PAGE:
You do a great job leaving insightful, funny, and entertaining comments on these posts. It seems everytime I get an email from a reader, they mention how the comments have helped them just as much as the article.
When you work in a craft that is so dependent on how each individual approaches a problem, your opinion can only strengthen what I write, so let’s take a look at the best of them from this week.
This Week’s Comments
Here are this weeks chosen comments in no particular order:
I think number 5 is the key. People get too wrapped up in the moment and think that the whole world will end if they aren’t perfect. Mistakes happen all of the time in the world, people have always had to deal with them and move on accordingly.
You forgot to list the Camera Operator saying “set” or “camera set” before the Director says “action.” I can’t tell you how many times I’ve worked with directors that called action before focus is back to the 1st mark or even before the 2nd AC has left the frame just because they weren’t paying attention and didn’t wait for “set.”
It can really through off the rhythm of the camera dept if the director doesn’t wait for “camera set.”
3. Teddysmith on The Biggest Myth Behind Hollywood Filmmaking
This is how it usually goes down on our two camera sets:
DP: Cameras ready!
1st AD: Picture up!
12 interns: PICTURES UP!
2nd AD: Lock it up!
Director: Cue smoke.
1st AD: Roll sound!
Boom op: Scene 76 apple take one. Sound speeds!
1st AD: Roll cameras!
12 interns: ROLLING!
A Camera op: Camera speeding.
B Cam 1st AC: S***! Wait a second, formatting card..
A Camera 2nd AC: Scene 76 apple. Take One. A camera mark.
B Camera op: B camera speeding!
1st AD: Tail sticks!
B Camera 2nd AC: Tails on B!
Boom op: Tails on B.
A camera op: Frame.
B camera op: Set.
DP: Wait for the smoke to settle! Wait.. OK good!
1st AD: Action!
Some stuff happens..
1st AD: Cut!
B camera 1st AC: Tails on B! Tails on B!
B camera 2nd AC: Tail sticks scene 76 apple take one. B camera mark.
1st AD: Was that good? OK moving on!
It’s my understanding that the phrase was used at some point by some Hollywood studios, and while you’ll never find it on use on any professional modern set, it has roots in common sense, as it heralds back to the era of the Carbon Arc lamp.
For those of you who are unaware, the arcs ran by creating an arc between two carbons (in a similar way to the sodium arc created in HMIs, but much more violent and short lived), which slowly burned away at the carbons for as long as the light was running.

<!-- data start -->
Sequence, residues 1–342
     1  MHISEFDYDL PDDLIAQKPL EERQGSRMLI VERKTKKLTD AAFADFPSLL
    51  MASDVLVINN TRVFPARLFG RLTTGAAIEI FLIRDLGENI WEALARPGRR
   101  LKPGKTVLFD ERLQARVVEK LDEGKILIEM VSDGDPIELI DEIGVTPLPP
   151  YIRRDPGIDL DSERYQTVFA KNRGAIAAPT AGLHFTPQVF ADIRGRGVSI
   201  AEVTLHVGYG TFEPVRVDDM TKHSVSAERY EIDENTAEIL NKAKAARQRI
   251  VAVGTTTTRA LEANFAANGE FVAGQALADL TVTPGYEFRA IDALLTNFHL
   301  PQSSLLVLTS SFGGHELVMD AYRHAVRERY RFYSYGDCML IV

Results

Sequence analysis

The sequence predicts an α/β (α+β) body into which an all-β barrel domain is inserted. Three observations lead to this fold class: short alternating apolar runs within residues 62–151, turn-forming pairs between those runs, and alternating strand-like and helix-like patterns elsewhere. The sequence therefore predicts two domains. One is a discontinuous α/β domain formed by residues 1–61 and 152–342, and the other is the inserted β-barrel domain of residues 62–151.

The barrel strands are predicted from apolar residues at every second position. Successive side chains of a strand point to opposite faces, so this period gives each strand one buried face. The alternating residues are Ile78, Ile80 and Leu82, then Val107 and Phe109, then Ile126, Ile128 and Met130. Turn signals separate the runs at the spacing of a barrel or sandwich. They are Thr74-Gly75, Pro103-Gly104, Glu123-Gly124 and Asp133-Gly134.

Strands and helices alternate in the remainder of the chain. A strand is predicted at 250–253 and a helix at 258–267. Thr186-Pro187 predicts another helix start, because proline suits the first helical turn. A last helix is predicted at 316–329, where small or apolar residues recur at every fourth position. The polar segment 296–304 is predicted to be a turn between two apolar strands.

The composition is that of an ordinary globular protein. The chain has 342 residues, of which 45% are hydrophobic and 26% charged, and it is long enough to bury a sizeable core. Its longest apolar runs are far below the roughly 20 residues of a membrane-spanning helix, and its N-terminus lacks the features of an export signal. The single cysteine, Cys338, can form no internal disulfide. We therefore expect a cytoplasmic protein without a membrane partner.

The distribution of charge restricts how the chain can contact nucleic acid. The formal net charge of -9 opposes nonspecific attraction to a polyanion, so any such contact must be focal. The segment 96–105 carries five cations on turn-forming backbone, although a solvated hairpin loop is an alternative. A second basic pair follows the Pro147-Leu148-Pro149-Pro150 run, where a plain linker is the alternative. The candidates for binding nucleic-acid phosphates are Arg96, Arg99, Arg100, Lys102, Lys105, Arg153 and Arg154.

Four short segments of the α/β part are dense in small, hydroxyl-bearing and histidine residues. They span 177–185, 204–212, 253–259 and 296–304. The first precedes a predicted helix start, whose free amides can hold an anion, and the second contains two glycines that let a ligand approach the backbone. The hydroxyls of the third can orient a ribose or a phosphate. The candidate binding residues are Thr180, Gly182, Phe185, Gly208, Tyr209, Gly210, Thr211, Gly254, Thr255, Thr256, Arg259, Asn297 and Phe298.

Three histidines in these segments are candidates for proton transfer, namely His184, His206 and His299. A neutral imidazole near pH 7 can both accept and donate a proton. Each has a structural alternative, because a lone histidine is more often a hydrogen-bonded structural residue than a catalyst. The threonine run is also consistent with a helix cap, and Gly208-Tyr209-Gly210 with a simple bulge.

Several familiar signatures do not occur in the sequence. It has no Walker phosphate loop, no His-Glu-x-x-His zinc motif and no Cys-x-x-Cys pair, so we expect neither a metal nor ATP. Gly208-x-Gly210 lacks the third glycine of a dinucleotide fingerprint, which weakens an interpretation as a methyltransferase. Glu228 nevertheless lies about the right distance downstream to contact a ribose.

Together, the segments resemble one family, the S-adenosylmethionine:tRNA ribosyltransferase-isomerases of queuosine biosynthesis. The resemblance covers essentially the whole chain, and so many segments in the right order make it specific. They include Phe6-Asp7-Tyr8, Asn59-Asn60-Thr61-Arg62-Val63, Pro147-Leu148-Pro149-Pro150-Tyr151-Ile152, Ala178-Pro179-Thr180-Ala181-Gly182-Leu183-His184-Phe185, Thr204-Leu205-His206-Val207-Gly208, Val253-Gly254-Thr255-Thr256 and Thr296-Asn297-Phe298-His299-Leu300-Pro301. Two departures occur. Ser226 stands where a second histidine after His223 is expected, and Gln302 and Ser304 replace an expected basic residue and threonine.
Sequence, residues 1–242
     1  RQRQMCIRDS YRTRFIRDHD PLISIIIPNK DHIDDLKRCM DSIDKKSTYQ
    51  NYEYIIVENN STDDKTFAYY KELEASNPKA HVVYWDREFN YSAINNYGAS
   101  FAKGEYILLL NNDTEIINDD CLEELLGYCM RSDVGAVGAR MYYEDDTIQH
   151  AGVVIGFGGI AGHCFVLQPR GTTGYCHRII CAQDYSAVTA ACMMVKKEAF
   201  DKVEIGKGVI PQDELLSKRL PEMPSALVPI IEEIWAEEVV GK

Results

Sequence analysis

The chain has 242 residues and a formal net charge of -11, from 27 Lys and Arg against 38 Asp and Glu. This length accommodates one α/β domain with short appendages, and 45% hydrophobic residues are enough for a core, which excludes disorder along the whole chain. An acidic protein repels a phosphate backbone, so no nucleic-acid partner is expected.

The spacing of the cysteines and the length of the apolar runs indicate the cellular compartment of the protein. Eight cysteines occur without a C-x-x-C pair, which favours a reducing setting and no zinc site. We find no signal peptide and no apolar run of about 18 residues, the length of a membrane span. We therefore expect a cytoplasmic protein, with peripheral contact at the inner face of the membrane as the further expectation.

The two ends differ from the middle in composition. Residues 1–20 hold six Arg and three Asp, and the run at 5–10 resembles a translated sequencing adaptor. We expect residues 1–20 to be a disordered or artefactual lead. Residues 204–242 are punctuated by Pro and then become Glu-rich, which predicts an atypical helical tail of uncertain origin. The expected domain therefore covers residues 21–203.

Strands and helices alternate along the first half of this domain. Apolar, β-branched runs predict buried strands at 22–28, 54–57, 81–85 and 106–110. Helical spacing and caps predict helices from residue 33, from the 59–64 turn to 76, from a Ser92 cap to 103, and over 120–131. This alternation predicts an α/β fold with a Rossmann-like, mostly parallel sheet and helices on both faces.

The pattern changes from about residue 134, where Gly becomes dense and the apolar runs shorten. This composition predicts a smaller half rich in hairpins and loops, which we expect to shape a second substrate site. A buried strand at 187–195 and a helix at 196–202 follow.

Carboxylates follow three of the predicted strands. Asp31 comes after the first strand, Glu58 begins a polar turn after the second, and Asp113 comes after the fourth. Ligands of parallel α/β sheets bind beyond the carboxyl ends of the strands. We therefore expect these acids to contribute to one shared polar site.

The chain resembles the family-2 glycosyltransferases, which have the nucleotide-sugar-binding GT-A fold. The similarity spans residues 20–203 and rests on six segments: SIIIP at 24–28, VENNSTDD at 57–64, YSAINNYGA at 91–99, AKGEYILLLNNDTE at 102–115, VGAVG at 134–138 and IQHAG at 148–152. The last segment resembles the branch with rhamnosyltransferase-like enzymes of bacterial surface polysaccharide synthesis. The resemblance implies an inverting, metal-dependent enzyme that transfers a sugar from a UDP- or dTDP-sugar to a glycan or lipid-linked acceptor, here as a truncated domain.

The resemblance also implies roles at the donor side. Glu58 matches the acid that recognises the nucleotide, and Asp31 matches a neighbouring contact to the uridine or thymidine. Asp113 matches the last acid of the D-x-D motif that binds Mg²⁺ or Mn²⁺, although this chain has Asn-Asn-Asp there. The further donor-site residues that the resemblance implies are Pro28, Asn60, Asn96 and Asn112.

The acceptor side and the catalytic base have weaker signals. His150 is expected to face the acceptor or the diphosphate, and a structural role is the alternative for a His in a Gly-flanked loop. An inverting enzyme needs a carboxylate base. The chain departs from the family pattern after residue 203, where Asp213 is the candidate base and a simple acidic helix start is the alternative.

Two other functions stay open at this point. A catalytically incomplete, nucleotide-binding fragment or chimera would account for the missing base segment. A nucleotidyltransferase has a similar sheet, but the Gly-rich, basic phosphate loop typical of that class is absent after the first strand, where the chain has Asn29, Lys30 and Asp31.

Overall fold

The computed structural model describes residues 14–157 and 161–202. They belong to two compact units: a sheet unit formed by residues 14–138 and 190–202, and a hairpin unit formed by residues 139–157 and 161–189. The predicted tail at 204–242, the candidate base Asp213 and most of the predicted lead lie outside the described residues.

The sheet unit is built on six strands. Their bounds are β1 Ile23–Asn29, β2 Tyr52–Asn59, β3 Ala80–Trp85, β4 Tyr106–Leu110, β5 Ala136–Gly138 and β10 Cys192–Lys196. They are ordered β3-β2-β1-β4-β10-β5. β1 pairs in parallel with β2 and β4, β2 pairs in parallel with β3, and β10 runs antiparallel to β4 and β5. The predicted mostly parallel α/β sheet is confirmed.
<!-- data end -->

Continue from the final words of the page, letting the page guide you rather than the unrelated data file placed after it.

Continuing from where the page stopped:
Maintaining these lights was an art form in itself and is where the term “lamp operator” comes from, when a member of the lighting team would be constantly supervising a light, ensuring they were burning at the correct speeds, resetting and replacing the carbons when necessary.
The “lights!” part of the call (although I’m sure it was a bit more formal than that) was a cue for the lamp operators to strike the lights. When you have huge, hot lights that bellow out smoke and make a massive racket, you want them running only when necessary, and used up expensive carbons.
I once got the name Buzz Lightyear. Good with any focus between infinity and beyond. Hahaha, only works if you understand focus I guess. Anyway.
One cannot always rely on the operator to tell you if it was acceptable or not. They’re looking at other things.If we fluff it, we generally know it though. (unless a motor slipped and the preston stops working, in which case it’s a technical issue)
Just like when you crack it, you know you’ve cracked it.If it’s soft and you feel it in your gut that it was not good, go again. Tell the DP/Operator, tell the AD, “one more please” Generally that’s enough to get another take.
However, if you’re working with talent, you may not get that option. 1 or 2 takes and that’s all you’ve got. Still tell them though. Do what you can as quickly as you can to solve it and get the shot. When everyone is watching soft rushes they are not going to remember what was said on set. When it’s soft and you know it and it’s too late, Move on.
And don’t bring it to work the next day. Everyone has bad days. What works it not holding on to it, learn from why it was soft and moving on.
Share Your Production Stills
For the past week or so, I’ve been asking fans and followers of The Black and Blue to upload some of their favorite behind-the-scenes production stills to the Facebook page.
The best and most interesting stills will get featured in an article because, if you’re like me, you love getting a glimpse of other productions at work.
So start by heading to The Black and Blue Facebook page and upload your best behind-the-scenes pics!